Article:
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What Happens When CHIP Funds Run Out


We'd like to turn now to one of the main issues caught in the middle of the spending battle in Congress - the Children's Health Insurance Program, also known as CHIP. This program helps state insure about 9 million children whose parents can't afford health insurance but make too much to qualify for Medicaid. At the moment, the program is operating on a temporary funding extension that's expected to dry up in March, but several states say they could run out of funding before then. One of those states is Alabama.

And joining us now is Cathy Caldwell. She is the director of Alabama's CHIP program. She's speaking to us from Prattville, Ala. Cathy Caldwell, thank you so much for speaking with us.

CATHY CALDWELL: Oh, thank you for having me.

MARTIN: So for people who aren't familiar with the program, could you just describe briefly, you know, what it does - amplify what I said earlier?

CALDWELL: Sure. The Children's Health Insurance Program provides health insurance to uninsured children whose family income is above the Medicaid level. Currently, in Alabama, we have over 85,000 children insured in that program.

MARTIN: And how exactly does it work? Does it work like any other insurance program - people can go to the doctor that they want, go to the hospital if they need to?

CALDWELL: Absolutely. We have a comprehensive benefit package that provides a wide array of benefits for many services, including WellCare so children can get their preventive visits. They can get their immunizations. Also, (unintelligible) care certainly can go to the doctor when they're sick. We cover inpatient. We also cover mental health services, vision and dental - so a very comprehensive benefit package.

MARTIN: One of my colleagues spoke with you in December. And you said then that your state could exhaust CHIP funds in February. If those funds run out, what happens if a kid whose family has CHIP gets sick and has to go to the doctor or to the hospital? What happens?

CALDWELL: And we did receive some additional funding. But we're still worried that it's going to run out before too long. What will happen when we exhaust our funding - we will dis-enroll children from the program. Many of those children will become uninsured. So for many, they will probably not be able to access all of the services they need.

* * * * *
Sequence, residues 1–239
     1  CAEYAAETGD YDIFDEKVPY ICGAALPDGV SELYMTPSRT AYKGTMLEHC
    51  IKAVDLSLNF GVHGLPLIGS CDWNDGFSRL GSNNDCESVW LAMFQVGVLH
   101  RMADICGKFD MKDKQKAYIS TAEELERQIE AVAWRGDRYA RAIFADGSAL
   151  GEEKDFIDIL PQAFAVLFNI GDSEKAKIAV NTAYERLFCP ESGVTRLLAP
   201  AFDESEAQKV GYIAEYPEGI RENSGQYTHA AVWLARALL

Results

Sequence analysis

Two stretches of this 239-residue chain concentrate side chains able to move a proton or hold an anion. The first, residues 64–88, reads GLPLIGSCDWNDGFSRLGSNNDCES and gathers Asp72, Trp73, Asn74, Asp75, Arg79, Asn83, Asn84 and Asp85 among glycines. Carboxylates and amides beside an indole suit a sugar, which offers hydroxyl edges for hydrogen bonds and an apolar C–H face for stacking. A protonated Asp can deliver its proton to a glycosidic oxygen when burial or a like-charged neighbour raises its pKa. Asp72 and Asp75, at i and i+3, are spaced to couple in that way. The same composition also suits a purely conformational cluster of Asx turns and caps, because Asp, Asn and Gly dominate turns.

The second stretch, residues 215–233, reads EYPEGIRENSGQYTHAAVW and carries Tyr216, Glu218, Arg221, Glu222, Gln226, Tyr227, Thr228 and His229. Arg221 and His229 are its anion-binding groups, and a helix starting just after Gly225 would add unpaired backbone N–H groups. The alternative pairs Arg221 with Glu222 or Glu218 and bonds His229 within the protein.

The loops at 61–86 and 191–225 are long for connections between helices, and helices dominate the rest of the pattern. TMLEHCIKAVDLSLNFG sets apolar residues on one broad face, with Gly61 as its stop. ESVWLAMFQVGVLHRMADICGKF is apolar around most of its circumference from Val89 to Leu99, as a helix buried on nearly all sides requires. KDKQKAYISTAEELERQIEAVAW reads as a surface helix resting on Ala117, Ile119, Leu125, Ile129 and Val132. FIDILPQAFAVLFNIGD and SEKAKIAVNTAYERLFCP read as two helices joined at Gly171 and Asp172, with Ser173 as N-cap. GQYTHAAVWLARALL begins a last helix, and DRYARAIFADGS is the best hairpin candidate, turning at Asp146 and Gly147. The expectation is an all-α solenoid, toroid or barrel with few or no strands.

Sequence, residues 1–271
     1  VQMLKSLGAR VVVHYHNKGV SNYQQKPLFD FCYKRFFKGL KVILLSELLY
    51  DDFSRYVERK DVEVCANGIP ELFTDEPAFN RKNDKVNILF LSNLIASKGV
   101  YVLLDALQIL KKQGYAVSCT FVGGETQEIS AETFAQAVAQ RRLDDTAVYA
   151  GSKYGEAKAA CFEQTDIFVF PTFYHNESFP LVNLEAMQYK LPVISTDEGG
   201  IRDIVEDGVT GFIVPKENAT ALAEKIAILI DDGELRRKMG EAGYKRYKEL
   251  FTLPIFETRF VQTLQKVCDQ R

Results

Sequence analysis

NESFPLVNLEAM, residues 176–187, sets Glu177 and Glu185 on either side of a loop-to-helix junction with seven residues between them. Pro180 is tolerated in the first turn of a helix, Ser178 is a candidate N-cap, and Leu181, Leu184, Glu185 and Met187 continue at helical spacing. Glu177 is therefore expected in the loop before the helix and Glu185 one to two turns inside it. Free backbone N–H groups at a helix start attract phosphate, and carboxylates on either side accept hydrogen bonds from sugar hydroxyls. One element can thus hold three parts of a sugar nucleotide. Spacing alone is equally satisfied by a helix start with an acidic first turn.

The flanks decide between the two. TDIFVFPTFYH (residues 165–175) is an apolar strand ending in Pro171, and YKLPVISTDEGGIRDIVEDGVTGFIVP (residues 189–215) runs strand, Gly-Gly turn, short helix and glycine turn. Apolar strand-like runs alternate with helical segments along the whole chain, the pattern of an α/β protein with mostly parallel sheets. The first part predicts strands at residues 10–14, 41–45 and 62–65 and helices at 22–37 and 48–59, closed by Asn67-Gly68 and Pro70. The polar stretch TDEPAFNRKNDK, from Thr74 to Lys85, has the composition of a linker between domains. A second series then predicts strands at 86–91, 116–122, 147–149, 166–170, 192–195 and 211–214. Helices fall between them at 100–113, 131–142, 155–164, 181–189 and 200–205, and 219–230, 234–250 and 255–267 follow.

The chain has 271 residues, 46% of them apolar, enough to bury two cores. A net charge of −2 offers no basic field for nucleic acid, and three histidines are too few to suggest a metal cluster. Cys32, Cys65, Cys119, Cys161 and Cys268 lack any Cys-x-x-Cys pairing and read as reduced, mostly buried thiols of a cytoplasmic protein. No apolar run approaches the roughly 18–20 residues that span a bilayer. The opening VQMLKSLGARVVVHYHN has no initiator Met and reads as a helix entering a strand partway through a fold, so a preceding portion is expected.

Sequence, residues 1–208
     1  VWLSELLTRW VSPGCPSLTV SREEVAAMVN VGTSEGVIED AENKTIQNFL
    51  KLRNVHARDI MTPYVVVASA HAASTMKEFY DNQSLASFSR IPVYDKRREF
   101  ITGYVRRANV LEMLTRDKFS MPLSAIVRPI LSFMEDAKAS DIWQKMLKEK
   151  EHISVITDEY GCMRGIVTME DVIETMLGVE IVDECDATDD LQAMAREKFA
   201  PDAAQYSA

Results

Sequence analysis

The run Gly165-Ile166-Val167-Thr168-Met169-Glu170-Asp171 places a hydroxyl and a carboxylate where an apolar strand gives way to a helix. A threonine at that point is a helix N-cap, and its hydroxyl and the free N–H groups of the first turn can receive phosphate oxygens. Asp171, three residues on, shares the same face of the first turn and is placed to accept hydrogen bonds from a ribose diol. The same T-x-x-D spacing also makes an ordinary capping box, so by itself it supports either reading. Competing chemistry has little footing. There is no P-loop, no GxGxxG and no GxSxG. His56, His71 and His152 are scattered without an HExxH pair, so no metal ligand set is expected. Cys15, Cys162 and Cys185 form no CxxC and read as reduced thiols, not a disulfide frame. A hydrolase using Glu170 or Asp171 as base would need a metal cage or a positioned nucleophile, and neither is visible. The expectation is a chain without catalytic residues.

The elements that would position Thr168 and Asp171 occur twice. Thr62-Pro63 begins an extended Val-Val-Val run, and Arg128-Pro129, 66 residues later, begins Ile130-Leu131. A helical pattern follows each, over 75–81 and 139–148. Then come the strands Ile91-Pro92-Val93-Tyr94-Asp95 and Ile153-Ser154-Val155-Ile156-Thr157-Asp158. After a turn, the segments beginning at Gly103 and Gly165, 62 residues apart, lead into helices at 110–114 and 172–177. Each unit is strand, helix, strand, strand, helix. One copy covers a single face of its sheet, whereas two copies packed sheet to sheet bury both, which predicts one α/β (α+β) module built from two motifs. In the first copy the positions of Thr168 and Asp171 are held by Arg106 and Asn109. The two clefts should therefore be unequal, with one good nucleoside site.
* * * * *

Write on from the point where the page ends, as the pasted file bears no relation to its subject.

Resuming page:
If they're sick, for example, and go to the doctor, they'll be expected to pay for it out of their own pocket. In an emergency situation, it's a - you know go to the emergency department or even an inpatient stay - the family will be expected to pay for those services which will be quite expensive. So it'll create a hardship on the family. And like I said, there will be situations, likely, where the children won't be able to obtain the services they need.

MARTIN: I'm sure you know now that we're in a bit of a standoff here and that both the Republicans and Democrats in Washington are accusing each other of holding, you know, the country hostage to this or that program. Many of the Democrats are saying that the Republicans are using this as a bargaining chip to, you know, force them to vote for something - other things that they don't agree with. I'd like to ask, how is this all striking you where you are?

CALDWELL: I would like to say that there is huge urgency. I think some people look at the numbers and think that if we still have a few weeks of funding, then there's no urgency. That is absolutely not the case. These are large programs with many children enrolled. And so if in fact funding does not continue, then we have to shut down our programs. It is going to take time and many resources to accomplish that. So we need Congress to act and extend funding. And we really need to get that down this month.

MARTIN: That's Cathy Caldwell. She is the director of Alabama's CHIP program. We reached her in Prattville, Ala. Cathy Caldwell, thank you so much for speaking with us. We really appreciate it.

CALDWELL: Oh, you're very welcome. Thanks for having me.

(SOUNDBITE OF KOLOTO'S "LIFE IN CLAY") Transcript provided by NPR, Copyright NPR.

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